Our nation’s most influential, respected and powerful public health officials and academics are engaged in a vast,corrupt and fraudulent conspiracy to keep desperate smokers ignorant of the facts about how reduced-harm devices (such as e-cigarettes) are likely to help them quit smoking.
How could this be? The answer seems complex, but if one expends a little effort to penetrate the propaganda (or lies) spewed by the CDC, the FDA, “health” nonprofits, academics, politicians,and many others, the answer becomes depressingly clearer.
With almost one-half million smokers dying prematurely each year, you might be justified in calling the scourge of cigarettes a crisis — a preventable one — that’s been ineffectively addressed for decades.
Yes, the common but dreaded cigarette (the smoker’s “best friend” — like the pusher to the heroin addict) kills at a rate unmatched by any other external force. Forty-two million Americans depend upon smoke for their reliable nicotine hit, inhaled hundreds of times daily, each breath conveying thousands of chemicals (the products of tobacco combustion) deep into the lungs and thence via the circulation to every part of the body.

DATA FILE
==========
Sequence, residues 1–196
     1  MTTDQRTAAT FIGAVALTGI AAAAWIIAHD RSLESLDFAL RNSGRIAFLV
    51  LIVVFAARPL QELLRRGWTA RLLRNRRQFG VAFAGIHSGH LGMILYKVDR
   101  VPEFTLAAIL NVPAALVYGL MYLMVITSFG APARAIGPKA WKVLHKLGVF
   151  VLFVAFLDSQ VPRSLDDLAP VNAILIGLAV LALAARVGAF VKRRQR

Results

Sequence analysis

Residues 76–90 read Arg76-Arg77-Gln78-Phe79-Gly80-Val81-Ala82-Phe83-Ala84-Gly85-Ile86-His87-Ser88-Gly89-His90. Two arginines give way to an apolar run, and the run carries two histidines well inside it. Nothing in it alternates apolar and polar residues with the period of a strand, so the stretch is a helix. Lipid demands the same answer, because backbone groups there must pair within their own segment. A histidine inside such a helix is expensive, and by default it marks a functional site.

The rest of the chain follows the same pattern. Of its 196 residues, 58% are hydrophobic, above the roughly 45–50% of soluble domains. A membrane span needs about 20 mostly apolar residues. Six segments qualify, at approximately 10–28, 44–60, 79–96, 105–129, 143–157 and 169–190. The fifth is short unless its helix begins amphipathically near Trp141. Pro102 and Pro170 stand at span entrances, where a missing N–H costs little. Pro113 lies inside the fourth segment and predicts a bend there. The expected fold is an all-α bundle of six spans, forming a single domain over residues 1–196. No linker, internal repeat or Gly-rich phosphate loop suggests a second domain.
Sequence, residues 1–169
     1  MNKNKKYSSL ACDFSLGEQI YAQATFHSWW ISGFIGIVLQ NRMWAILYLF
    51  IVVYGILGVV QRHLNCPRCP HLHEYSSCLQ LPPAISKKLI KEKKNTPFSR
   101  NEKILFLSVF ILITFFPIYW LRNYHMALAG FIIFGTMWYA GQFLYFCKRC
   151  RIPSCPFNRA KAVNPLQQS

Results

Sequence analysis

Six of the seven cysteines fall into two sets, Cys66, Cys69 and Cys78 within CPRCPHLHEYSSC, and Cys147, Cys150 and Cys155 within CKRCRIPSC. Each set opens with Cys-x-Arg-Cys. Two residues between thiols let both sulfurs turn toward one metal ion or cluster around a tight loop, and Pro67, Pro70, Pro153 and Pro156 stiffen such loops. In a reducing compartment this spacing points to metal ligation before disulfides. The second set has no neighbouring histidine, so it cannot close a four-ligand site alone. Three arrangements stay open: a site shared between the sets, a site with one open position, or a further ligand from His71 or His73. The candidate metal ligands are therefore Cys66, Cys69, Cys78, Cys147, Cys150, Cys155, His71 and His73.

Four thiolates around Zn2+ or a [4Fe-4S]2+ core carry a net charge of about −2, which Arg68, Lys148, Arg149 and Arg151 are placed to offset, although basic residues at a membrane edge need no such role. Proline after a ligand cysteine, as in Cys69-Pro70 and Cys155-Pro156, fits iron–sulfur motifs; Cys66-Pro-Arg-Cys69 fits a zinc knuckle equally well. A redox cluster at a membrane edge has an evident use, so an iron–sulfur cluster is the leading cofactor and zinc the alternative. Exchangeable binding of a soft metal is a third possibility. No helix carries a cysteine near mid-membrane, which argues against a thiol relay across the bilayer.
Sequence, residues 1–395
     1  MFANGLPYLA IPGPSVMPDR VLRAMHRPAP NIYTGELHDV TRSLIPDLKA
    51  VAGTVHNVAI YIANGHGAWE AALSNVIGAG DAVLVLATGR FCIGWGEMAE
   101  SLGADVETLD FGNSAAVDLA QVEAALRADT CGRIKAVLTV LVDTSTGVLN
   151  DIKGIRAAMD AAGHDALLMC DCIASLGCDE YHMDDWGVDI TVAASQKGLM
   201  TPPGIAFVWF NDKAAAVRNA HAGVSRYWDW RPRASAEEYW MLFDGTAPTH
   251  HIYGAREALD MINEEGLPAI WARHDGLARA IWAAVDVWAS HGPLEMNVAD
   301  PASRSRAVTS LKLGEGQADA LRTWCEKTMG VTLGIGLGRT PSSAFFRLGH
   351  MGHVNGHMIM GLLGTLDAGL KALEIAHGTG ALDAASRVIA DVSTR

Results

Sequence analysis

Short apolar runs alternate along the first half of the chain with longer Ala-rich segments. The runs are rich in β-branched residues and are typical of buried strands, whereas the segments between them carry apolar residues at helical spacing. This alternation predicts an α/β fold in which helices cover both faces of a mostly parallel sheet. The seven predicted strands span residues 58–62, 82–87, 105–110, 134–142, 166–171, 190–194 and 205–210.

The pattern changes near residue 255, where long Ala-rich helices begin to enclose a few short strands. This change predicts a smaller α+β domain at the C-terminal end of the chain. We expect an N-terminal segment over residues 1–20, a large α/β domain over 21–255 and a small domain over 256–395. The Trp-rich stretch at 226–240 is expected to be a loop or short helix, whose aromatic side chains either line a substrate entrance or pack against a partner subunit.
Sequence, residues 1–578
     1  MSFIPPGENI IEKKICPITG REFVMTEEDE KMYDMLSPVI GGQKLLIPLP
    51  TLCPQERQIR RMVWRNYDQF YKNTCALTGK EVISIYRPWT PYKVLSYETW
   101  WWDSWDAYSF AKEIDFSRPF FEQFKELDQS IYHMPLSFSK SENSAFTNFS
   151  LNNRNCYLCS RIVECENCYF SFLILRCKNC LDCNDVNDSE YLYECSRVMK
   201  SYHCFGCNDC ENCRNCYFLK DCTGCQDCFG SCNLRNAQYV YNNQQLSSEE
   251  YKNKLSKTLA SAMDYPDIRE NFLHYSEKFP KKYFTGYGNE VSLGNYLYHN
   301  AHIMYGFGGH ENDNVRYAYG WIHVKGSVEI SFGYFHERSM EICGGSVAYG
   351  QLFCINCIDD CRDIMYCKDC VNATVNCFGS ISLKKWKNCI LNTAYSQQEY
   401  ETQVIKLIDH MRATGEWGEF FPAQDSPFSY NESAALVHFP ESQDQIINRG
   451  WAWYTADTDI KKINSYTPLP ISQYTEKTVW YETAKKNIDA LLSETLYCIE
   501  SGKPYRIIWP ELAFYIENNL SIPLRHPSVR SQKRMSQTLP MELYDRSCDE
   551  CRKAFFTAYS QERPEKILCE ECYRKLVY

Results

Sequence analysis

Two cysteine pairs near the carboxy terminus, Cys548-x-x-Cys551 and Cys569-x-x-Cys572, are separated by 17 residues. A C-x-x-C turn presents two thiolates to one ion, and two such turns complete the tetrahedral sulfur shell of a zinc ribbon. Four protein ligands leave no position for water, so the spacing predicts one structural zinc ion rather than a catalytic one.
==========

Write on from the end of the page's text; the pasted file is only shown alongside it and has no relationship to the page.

Hundreds of these substances are known toxins and carcinogens, so it’s little wonder that long-term smokers are vulnerable to just about every type of disease and disorder known to man.
Over half of regular smokers will die prematurely from their habit. Most smokers want to quit, but only very few escape its clutches unaided — perhaps one in twenty each year. The FDA-approved drugs and patches (nicotine replacement therapy, NRT) do help some quit at a higher rate than “cold turkey,” but their success rate amounts to an meager 15 percent or so, hardly an acceptable solution. Less than a decade ago, a new tool appeared,providing some ray of hope: the first primitive forms of electronic nicotine delivery devices, which have evolved to become the rather sophisticated“e-cigs” and vapor products now omnipresent in our society.